The Massachusetts Alimony Reform Act, which was signed into law on September 26, 2011, and goes into effect on March 1, 2012, provides judges with more guidance and limits their discretion, with the hope of achieving more consistency and predictability in alimony awards. The law breaks down alimony into different types, each addressing particular financial circumstances. It also includes retirement provisions, generally mandating termination of alimony when the payor reaches full retirement age.
Alimony is a key issue in divorce and can be worth significant amounts of money. Massachusetts Alimony Attorney Bill Farias is a skilled, aggressive divorce lawyer that will ensure that you get a favorable alimony judgment in your case to put you in the best financial position possible walking away from your divorce.
In addition to a retirement provision, the new Massachusetts Alimony Law also includes provisions for cohabitation and term limits to help ensure fair alimony awards.
The following factors are used to determine the form of alimony and in setting the amount and duration of support:
- Length of Marriage
- Age of the parties
- Employment and employability of the parties, including employability through reasonable diligence and additional training
- Economic & non economic contributions of the parties
- Marital lifestyle
- Ability of each party to maintain the marital lifestyle
- Lost economic opportunity as a result of the marriage
Different Types of Massachusetts Alimony
Rehabilitative Alimony: to be used when the receiving spouse is expected to become economically self-sufficient by a certain time (finishing school or job training, becoming re-employed etc.). Can be used regardless of the duration of the marriage, but has a 5 year limit.
Reimbursement Alimony: used to compensate the recipient spouse for contributing to the financial resources of the payor during the marriage, such as enabling the attainment of education or job training. It’s only available in marriages 5 years and shorter.
Transitional Alimony: used to help the receiving spouse transition to an adjusted lifestyle or location after the divorce. It’s only available in marriages 5 years and shorter, and only for a maximum of 3 years.
General Term Alimony: this is the default alimony classification, and is generally used to provide for an economically dependent spouse. The following time limits are included in the statute to ensure alimony awards are proportionate to the length of the marriage:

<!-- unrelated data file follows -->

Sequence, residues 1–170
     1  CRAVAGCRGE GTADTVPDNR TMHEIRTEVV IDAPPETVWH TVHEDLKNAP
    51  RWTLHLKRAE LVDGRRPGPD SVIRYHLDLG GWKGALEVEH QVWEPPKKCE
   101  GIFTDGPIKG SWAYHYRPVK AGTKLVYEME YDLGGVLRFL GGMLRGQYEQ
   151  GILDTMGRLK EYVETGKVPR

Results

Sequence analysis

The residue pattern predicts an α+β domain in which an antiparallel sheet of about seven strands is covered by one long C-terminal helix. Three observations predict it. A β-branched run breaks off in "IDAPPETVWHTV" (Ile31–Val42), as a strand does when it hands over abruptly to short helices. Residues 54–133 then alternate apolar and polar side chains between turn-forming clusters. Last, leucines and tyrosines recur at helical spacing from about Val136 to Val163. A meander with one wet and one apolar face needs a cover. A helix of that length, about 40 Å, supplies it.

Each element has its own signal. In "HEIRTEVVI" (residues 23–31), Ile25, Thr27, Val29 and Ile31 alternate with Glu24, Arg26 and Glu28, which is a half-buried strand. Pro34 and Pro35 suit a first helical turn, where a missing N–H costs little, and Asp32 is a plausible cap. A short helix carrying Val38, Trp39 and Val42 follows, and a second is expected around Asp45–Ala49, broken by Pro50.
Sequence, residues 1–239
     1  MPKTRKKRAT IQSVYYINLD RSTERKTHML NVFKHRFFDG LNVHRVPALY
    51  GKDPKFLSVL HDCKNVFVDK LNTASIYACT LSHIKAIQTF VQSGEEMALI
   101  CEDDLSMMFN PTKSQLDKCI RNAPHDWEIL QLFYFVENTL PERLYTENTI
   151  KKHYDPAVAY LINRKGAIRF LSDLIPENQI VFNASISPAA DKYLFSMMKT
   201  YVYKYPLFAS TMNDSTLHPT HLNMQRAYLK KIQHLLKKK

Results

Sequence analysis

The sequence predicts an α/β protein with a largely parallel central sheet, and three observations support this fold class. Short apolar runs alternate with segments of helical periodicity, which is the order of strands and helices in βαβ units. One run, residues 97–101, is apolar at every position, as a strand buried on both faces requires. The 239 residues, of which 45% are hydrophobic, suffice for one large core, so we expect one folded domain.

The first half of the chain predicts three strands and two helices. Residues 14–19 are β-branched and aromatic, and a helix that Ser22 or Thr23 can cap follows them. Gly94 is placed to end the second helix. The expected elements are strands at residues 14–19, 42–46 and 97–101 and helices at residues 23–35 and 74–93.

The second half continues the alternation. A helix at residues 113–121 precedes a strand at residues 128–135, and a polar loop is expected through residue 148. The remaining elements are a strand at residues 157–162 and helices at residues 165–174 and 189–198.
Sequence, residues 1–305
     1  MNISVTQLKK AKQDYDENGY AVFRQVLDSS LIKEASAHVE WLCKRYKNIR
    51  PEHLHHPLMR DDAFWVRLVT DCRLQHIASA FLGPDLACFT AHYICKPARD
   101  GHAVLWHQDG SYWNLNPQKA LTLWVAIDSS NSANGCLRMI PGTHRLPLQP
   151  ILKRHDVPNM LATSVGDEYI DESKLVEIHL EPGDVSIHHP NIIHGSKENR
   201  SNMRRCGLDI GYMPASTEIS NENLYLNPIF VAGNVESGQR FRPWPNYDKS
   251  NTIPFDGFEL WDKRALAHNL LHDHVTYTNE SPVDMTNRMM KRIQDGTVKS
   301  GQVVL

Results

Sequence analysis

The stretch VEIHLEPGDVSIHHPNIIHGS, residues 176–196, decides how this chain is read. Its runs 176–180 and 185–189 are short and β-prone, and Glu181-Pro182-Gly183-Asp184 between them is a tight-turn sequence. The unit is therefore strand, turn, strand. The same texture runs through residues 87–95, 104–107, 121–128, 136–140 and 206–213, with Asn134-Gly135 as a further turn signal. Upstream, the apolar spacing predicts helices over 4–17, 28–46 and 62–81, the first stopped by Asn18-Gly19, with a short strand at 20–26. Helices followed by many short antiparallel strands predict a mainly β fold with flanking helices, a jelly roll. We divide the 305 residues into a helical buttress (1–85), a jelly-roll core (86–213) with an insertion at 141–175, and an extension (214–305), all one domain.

|Length of Marriage||Maximum Length of Alimony|
|5 years or less||50% the number of months of marriage|
|more than 5 years up to 10 years||60% the number of months of marriage|
|more than 10 years up to 15 years||70% the number of months of marriage|
|more than 15 years up to 20 years||80% the number of months of marriage|
|longer than 20 years||Indefinite (except for retirement provision)|
How Much Alimony Will I Have to Pay?
The law limits alimony to the receiving spouse’s need or 30-35% of the difference between the spouses’ gross incomes.
Judges have the discretion to deviate from the suggested amount and time limits only if necessary, and they must make written findings discussing their decision. The grounds a judge can use for deviation include: advanced age; illness; taxes; health insurance; life insurance; unearned income; premarital cohabitation; physical or mental abuse; lack of property, maintenance, or employment opportunity; among others.
Massachusetts Alimony Retirement Provision
Divorcees in Massachusetts generally will no longer be required to work beyond retirement age just to pay alimony awards. Alimony orders will now terminate in most cases when the payor reaches full retirement age. Judges may, however, under certain circumstances, set a different retirement age in the judgment.
Massachusetts Alimony Cohabitation Rule
Judges now must suspend, reduce or terminate alimony if the receiving spouse is cohabiting with someone else. “Cohabiting” is the maintaining of a common household with another person for a continuous period of at least 3 months. The law doesn’t state that the cohabitation rule applies only to sexual relationships. However, the judge can reinstate the alimony award when cohabitation ends.
Modification of Existing Alimony Orders
Divorcees that currently have judgments in place that exceed the duration limits of the new alimony law may be entitled to a modification of the alimony award. To prevent a sudden, overbearing influx of cases into the court system, the new law provides an eligibility schedule that is based on the length of the marriage: those that were in shorter marriages can file with the court earlier, and those that had longer marriages must wait longer – this also gives the receiving spouse more time to prepare for the adjustment.
To give yourself the best chance of a favorable alimony judgment, contact Massachusetts Alimony Lawyer Bill Farias for a CONSULTATION at (508) 675-0464 or submit the contact form on this page. His aggressive representation will ensure you get the alimony settlement you deserve.